A day in the life of a drone pilot
Drone pilot Bevin Lealand uses aerial mapping to help farmers survey and develop their farms.
Licensed commercial drone pilot Bevin Lealand helps farmers check their land and the health of their plants. Bevin can show them which areas of crops are performing well using aerial photographic colour mapping.
On an aerial colour mapping photograph of a vegetable farm green areas show good growing areas and red areas show poor growing areas. This mapping process is known as the “normalised difference vegetation index” (NDVI) and is also used by the US federal space agency NASA.
Bevin works in several other industries as well as horticulture. He says it’s important for commercial drone pilots to work across industries, especially if they’re starting out. He first started flying drones for energy companies and expanded his client base from there.
You absolutely have to be multi-skilled and spread your work far and wide.
Mapping farmland with a commercial drone
Before flying his drone, Bevin plans the flight path. He submits this plan to the Airshare New Zealand drone hub five days prior to flying and also notifies the civil aviation authority.
When Bevin arrives at the site, he makes sure the property owner knows he’ll be working there.
Bevin has an assistant who helps him check the equipment. He says it’s also important to have a clear safety procedure before flying the drone.
Bevin’s drones fly autonomously in a set zig-zag aerial path across farmland. This flight path ensures that each photograph overlays the next so they can eventually be fitted together into one large image map. Bevin watches the drone carefully and monitors the whole flight. He also checks the mapping data before leaving the site.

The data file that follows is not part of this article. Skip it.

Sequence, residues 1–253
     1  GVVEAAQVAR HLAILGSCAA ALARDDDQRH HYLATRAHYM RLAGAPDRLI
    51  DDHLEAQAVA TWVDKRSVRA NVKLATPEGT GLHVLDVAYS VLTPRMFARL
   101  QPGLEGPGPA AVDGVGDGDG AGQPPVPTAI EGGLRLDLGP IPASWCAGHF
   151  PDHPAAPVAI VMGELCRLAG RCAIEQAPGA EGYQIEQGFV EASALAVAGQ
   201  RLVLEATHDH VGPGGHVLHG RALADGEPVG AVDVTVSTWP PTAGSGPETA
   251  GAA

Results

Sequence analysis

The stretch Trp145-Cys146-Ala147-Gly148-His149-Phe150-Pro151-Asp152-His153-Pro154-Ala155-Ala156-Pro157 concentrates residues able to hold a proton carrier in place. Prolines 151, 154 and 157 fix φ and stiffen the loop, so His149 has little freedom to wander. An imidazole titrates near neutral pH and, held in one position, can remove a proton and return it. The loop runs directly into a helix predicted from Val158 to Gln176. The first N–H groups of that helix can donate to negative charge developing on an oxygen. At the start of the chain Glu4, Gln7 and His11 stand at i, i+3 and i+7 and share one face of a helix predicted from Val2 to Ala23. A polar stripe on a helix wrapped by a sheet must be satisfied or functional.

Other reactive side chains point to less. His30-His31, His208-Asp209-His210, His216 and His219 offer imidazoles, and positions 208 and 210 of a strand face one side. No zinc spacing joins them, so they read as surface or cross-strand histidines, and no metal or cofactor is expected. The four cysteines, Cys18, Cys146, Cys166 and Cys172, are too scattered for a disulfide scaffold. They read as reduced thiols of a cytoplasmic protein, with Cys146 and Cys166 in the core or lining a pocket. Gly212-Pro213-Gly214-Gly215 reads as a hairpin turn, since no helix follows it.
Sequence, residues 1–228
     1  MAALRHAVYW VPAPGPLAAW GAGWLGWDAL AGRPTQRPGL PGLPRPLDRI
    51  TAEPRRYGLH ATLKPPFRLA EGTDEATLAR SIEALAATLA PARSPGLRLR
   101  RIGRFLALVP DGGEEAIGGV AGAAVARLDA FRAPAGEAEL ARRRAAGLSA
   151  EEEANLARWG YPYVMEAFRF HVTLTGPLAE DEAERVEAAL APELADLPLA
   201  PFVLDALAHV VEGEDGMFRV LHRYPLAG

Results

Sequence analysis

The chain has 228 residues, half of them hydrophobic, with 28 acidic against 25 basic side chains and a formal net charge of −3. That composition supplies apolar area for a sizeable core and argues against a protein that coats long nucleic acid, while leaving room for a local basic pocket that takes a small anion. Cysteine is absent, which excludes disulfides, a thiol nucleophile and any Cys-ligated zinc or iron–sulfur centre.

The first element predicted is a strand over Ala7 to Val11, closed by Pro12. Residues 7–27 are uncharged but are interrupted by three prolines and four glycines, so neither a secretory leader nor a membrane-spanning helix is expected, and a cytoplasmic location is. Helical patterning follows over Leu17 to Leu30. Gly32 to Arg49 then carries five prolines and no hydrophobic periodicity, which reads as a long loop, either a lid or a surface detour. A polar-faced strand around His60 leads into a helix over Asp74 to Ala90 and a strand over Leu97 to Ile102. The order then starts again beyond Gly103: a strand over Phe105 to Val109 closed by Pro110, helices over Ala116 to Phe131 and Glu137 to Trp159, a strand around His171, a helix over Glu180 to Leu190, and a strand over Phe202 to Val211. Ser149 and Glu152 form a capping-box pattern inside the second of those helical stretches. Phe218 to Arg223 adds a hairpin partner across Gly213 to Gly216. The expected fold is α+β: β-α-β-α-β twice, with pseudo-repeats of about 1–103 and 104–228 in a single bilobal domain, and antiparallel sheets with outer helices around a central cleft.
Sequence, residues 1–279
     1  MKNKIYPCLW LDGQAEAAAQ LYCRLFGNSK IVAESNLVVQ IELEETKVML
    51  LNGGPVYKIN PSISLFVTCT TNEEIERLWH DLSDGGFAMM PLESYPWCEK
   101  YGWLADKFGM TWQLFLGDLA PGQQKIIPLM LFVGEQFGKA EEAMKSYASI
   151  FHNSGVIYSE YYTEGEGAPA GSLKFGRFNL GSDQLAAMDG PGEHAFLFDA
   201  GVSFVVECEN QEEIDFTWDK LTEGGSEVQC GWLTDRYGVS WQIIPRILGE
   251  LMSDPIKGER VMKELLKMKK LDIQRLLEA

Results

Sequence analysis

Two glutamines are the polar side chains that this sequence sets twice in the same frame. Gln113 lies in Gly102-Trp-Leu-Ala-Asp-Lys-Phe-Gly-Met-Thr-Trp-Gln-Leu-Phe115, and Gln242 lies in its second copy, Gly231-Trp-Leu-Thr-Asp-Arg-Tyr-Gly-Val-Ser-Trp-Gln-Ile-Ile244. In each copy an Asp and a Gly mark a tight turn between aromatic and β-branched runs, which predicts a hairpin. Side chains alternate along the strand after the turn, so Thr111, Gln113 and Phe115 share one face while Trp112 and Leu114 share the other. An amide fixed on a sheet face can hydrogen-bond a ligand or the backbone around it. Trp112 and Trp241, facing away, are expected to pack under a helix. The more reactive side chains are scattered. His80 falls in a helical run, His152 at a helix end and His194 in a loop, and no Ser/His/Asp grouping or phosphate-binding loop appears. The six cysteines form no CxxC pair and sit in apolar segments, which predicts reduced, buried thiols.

I love drone technology and photography. I’m passionate about aerial photography.
The challenges of drone flying
Bevin says there are a number of barriers and risks with drone flying. He can’t fly a drone for much longer than six hours because of the high level of concentration required and the risks involved.
A windless, overcast day is the perfect day to fly. If the wind speed exceeds 50km the flight is called off immediately. Clouds and shadows can also make the job harder. If Bevin sees a cloud shadow where he’s photographing, he usually lands his drone and waits for the cloud to move before continuing.
“Watch out for birds too. They’ll end your career very quickly,” Bevin says.
He explained that birds can fly into drones and ruin them.
"I was working at Marsden Point, flying over one of New Zealand’s biggest oil refineries. There were seagulls everywhere. My knees were shaking so much I couldn’t stand. I ended up kneeling on the ground from nerves.”
Find out more
- Airways New Zealand, ‘2018 Done Tracker Report’, accessed September 2019, (www.airways.co.nz).
- Airways New Zealand, ’10,000 Drone Pilots Register to Fly in New Zealand Airspace’, 13 September 2018, (www.scoop.co.nz).
- CAA, ‘Unmanned Aircraft – Drones’, accessed September 2019, (www.caa.govt.nz).
- Dukowitz, Z, ‘Who’s Working Where: Introducing Our In-Depth Guide to Jobs in the Drone Industry’, 5 July 2018, (www.uavcoach.com).
- Lealand, B, commercial drone pilot, Quadcam Drones Ltd, career.govt.nz interview, September 2019.
Updated 1 Oct 2019